The government proposed allowing individuals to withdraw $35,000, up from $25,000, from an RRSP to put toward a down payment for a home; a couple would be able withdraw up to $70,000, up from $50,000, from their RRSPs to buy a home. Amounts withdrawn under the Homebuyers’ Plan (HBP) must be repaid over a 15-year period, with unpaid annual repayment amounts added to income.

The HBP remains limited to individuals, and their spouses, who haven’t owned and occupied a home in the current year plus the previous four years. However, under a proposed new rule, Canadians who divorce or separate and live apart from their spouse – and otherwise wouldn’t qualify as first-time home buyers – will be eligible to participate in the HBP.

Financial planners say they would counsel caution regarding the HBP: while it may helpful to young Canadians entering the housing market, it comes at considerable risk to their retirement planning goals.

“You’re borrowing against an amount that you’ve committed to one purpose, [retirement], to use for another purpose, [a home],” Carroll says. “Because of the repayment requirement, it can cause a lot of financial pressure for someone to try to get that money back in [the RRSP].”

Says Heath: “I’m worried we’re creating a generation of young people whose RRSP is their home.”

Heath says, however, that he likes the government’s change allowing recently separated or divorced individuals to quality for the HBP.

“Oftentimes [separated or divorced clients] are in a very difficult financial position, where they have to access money in their RRSP as an outright withdrawal,” Heath says. “So, to be able to do so in a tax-efficient manner, utilizing the HBP [under the proposed rules] is a real benefit.”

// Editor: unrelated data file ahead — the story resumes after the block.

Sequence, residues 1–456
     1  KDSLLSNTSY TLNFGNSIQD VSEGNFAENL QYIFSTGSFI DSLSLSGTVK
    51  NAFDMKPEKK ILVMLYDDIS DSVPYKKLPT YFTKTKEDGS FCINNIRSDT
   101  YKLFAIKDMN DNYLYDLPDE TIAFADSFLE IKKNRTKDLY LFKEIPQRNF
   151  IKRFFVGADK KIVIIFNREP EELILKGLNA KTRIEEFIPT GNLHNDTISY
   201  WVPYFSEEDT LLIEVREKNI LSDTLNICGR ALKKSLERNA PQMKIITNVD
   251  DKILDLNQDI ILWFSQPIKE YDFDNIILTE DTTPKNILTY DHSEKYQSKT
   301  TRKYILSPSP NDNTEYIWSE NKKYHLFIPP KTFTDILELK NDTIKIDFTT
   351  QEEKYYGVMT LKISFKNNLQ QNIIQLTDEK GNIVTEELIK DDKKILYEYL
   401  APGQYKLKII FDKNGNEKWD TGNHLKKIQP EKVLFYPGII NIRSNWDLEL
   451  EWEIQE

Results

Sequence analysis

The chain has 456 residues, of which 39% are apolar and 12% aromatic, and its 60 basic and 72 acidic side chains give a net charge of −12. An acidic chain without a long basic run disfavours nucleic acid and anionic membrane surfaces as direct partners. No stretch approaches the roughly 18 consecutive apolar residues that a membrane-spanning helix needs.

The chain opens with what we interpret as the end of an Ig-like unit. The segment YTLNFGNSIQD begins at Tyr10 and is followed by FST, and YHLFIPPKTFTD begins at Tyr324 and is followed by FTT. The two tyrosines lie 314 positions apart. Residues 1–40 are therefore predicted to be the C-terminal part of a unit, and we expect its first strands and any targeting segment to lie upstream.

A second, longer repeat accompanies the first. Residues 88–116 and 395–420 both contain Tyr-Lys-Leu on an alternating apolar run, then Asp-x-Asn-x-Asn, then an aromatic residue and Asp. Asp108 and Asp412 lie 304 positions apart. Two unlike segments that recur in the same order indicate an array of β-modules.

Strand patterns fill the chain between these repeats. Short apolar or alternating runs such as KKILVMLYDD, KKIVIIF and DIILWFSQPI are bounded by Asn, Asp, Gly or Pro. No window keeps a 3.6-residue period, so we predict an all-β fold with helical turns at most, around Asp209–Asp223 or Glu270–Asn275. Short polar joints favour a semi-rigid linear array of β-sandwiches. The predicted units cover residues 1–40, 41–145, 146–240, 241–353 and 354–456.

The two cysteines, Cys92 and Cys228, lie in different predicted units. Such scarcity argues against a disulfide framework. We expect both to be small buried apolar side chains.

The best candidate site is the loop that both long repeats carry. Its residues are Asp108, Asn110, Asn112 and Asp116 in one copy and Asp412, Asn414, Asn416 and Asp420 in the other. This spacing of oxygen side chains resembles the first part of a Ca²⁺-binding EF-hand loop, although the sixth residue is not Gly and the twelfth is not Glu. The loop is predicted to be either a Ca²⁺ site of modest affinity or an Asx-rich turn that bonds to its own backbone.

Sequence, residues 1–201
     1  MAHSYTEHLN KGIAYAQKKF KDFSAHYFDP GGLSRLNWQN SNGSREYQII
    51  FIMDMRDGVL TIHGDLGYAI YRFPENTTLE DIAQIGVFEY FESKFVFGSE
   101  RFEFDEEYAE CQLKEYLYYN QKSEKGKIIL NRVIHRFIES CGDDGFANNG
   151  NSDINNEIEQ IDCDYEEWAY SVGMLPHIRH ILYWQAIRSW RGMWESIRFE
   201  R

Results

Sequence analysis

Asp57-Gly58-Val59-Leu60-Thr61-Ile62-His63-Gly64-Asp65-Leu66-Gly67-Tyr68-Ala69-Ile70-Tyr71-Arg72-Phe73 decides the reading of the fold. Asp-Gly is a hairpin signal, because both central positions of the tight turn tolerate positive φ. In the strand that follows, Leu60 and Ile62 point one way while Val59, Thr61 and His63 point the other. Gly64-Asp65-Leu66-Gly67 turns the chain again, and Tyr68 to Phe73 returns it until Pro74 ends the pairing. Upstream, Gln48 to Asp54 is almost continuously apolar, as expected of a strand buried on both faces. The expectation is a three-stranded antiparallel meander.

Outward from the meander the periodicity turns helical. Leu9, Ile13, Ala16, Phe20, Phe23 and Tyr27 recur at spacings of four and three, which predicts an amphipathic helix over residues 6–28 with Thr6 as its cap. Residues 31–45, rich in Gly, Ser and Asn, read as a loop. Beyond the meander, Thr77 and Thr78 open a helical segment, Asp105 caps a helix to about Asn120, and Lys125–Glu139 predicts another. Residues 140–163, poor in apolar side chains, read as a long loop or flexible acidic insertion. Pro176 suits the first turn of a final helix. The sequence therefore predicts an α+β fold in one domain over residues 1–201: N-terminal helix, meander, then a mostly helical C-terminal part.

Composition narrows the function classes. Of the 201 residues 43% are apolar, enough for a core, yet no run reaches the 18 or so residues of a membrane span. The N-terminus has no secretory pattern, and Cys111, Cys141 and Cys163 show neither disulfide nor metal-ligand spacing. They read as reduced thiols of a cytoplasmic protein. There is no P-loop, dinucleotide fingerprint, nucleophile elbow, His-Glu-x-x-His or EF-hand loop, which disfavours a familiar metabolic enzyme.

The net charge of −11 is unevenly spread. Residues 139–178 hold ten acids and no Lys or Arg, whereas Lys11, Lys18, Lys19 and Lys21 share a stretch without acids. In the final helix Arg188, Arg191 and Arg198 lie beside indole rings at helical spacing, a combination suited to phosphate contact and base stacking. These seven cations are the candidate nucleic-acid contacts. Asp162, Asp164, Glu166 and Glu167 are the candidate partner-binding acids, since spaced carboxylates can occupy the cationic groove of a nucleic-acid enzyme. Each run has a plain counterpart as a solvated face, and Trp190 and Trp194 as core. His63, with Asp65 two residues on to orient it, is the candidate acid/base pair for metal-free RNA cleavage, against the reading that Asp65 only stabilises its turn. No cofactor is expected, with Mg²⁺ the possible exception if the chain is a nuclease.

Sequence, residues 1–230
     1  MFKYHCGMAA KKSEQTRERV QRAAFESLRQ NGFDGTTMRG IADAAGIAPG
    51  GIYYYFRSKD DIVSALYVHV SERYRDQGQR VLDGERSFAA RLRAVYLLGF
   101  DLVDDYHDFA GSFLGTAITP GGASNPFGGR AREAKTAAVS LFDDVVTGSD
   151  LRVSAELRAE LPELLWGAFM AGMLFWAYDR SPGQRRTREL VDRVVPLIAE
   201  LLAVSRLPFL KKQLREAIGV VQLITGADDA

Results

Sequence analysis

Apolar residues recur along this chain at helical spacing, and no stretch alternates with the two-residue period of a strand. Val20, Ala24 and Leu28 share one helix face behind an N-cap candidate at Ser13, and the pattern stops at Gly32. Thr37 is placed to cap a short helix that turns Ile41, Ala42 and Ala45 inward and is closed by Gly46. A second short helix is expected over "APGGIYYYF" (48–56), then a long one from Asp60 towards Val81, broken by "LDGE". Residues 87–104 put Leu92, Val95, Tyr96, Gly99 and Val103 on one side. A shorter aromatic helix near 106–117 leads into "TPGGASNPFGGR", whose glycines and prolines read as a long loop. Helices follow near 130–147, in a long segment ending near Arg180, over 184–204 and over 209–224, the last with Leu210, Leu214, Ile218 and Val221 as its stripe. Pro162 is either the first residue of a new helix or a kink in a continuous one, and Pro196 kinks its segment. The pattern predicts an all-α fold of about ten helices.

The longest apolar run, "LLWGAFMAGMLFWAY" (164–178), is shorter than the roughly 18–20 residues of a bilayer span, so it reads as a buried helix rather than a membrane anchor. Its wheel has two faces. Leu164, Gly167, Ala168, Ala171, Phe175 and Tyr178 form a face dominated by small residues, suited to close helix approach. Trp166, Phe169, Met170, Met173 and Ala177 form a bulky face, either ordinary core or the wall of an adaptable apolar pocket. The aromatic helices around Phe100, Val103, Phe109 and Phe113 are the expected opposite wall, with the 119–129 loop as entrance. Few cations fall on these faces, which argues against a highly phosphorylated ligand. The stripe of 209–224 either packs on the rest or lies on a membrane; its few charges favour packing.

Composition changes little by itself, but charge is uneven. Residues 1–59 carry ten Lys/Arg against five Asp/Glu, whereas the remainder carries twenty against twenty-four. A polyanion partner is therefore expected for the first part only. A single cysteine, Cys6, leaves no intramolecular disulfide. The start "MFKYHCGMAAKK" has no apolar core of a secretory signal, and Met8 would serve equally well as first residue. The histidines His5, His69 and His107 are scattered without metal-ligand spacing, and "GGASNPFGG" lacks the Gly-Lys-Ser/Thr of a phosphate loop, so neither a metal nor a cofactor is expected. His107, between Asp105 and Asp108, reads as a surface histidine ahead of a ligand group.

The government proposed imposing a $200,000 annual cap on employee stock option grants, which are taxed, in effect, at the same rate as capital gains. The change would target executives at “large, long-established, mature companies,” but not apply to employees at “start-ups and rapidly growing Canadian businesses.” The government said it would provide more details about the plan before the summer, with changes applied on a “go-forward” basis.

The proposed changes would fulfill a 2015 Liberal election campaign platform commitment to limit the tax benefit associated with stock option grants. The government indicated in the budget document that the changes would align Canada’s stock option tax regime with that of the U.S.

Advisors suggest that, should the proposed change become law, large firms would likely adjust compensation structures for their top employees.

“It’s going to be more expensive for bigger companies to compensate their senior executives,” Heath says, “and it’s going to be more expensive for those senior executives to pay tax here in Canada.”

The proposed stock option changes fit a continuing theme from the Liberal government of raising taxes on Canada’s highest earners and closing what it considers to be tax loopholes, Heath says.

However, one of the negative effects of this change, in combination with others aimed at high earners, may be a flight of talent and capital out of the country, Heath says: “I have clients over the past few years who have gone south of the border for higher compensation and lower taxes.”

Soutsos agrees that these changes have an effect on economic competitiveness overall: “You’re disincentivizing large businesses from coming to this country.”